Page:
There are candidates who think they can consecrate themselves without the need for changing much in their lives, without the need for conversion. But the internalization of evangelical values, which formation is, demands death to the old self so that a new self-in-Christ may be born. This new person is neither a sample of human maturity nor a hero of perfection. According to Cencini, he/she is one ‘who has felt won over by the look of Christ and conquered by his love’[10]. Such is the transformation that conversion is. It is, as St Paul reminds us, the work of the Holy Spirit who transforms the believer into the image of the Father (2 Cor. 3: 17-18).

The action of divine grace is gratuitous and comes about through God’s initiative. The candidate, moved by grace, makes him/herself available to God’s work of transformation. This disposition on the part of the candidate is the fundamental attitude required for formation. The process of formation leading to transformation demands that first, the candidates must have relatively sufficient understanding of the ideals and values of religious life they wish to embrace. Secondly, he/she must sufficiently understand the demands these core values make of his/her life and way of being and acting. Thirdly, he/she must personalize these ideals and values that they become so deeply part of his/her life [11]. According to Cencini, there is formation only where values and content are experienced and savoured by the candidate to the point of their constituting for him/her a new way of looking at things, a new way of life.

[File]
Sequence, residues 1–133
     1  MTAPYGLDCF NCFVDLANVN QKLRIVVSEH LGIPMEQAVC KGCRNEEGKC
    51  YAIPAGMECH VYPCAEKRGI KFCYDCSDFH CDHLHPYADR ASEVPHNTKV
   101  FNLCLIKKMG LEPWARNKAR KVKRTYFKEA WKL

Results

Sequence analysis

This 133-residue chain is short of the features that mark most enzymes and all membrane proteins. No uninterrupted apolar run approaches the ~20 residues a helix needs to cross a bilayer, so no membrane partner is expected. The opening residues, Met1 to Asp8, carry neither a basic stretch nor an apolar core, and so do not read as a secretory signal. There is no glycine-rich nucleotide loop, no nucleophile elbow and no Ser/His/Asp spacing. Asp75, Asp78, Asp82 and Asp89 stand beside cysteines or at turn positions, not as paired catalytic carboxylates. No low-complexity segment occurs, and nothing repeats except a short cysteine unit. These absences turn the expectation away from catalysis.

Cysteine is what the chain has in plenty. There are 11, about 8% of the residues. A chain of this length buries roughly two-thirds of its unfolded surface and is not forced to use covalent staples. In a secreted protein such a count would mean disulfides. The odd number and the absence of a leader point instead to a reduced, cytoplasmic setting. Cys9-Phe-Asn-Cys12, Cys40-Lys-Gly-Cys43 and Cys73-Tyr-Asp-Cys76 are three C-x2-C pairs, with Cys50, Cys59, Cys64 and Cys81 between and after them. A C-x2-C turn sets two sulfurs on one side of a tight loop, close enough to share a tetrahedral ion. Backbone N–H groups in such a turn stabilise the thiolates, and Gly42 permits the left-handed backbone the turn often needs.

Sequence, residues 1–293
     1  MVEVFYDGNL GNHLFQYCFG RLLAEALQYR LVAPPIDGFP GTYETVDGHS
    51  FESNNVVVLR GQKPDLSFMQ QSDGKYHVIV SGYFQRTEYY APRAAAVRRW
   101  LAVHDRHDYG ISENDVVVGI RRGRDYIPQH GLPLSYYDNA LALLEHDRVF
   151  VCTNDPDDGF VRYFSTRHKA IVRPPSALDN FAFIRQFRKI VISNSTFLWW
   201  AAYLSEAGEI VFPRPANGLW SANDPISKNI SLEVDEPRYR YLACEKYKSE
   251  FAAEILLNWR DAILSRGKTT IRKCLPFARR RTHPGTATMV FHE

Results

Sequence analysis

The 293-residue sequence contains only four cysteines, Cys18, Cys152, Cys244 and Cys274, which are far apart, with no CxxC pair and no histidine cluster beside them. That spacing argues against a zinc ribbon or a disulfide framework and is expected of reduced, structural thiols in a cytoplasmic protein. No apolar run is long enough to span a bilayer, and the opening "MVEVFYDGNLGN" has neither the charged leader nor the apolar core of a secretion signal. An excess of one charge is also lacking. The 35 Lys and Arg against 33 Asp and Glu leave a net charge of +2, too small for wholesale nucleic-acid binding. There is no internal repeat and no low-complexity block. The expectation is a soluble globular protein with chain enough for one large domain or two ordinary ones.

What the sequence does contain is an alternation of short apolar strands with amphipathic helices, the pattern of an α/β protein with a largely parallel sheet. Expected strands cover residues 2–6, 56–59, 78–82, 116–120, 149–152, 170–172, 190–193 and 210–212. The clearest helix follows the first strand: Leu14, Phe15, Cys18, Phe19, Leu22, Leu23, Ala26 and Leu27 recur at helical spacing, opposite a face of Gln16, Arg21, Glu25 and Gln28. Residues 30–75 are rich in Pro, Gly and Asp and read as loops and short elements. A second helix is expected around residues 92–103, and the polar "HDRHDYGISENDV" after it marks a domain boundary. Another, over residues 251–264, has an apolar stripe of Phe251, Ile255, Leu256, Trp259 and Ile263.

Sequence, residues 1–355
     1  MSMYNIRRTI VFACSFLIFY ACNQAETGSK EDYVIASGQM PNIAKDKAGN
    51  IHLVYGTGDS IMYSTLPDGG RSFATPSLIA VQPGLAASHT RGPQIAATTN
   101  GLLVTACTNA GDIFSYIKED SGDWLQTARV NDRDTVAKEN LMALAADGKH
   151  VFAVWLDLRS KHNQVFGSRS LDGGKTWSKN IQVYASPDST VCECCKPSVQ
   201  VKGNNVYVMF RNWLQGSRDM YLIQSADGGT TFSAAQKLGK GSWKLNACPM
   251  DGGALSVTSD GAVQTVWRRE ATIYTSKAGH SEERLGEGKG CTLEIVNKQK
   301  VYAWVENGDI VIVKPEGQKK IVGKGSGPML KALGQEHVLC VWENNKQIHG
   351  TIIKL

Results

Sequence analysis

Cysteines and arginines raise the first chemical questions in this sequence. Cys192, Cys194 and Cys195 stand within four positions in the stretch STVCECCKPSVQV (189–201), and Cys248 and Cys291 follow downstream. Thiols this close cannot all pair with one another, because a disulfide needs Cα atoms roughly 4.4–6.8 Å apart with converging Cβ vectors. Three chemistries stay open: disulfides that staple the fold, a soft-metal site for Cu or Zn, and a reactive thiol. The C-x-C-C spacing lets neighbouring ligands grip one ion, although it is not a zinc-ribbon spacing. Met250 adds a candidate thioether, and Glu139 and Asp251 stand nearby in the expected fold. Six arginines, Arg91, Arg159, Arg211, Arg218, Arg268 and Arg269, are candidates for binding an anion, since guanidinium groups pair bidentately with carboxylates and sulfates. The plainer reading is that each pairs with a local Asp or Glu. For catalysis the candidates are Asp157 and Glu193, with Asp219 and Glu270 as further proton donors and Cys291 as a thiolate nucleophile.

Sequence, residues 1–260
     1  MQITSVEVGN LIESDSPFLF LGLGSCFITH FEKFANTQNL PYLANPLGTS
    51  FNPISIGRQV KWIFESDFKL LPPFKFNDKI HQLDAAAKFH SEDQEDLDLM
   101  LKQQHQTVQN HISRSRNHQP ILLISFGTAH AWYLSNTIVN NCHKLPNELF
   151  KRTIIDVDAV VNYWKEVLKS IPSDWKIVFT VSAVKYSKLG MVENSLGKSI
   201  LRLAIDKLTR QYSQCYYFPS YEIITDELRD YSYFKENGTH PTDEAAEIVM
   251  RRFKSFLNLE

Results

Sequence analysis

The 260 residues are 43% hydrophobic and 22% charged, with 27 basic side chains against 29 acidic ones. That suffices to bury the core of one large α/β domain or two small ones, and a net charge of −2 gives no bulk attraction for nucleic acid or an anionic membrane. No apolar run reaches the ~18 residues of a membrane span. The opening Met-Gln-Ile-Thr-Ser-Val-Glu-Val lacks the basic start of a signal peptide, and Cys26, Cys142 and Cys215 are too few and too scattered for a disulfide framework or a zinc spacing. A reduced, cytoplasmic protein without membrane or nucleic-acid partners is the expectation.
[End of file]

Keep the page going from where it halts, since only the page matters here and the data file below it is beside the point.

The process of formation that leads to the internalization of the values of Christ comes about through hard work not only of the candidate but of the formator and the formation process. This points to the need for formators whose competence, commitment and maturity to handle whatever the candidates bring could be vouched for. If the candidate is to internalize Gospel values, today’s formator must be someone who has internalized the values of the Gospel and who has the skills to communicate these values to candidates. He/she must have a good knowledge of the candidates as individuals, as members of a generation, and as members of a class. In other words, attention is to be paid to each candidate’s development by ensuring that none is lost in the crowd of anonymity.  Personal accompaniment, therefore, is central to the process of integral human formation. What is intended by this process of accompaniment is the facilitation of the candidate’s taking charge of his/her life and doing so at all levels even in later years.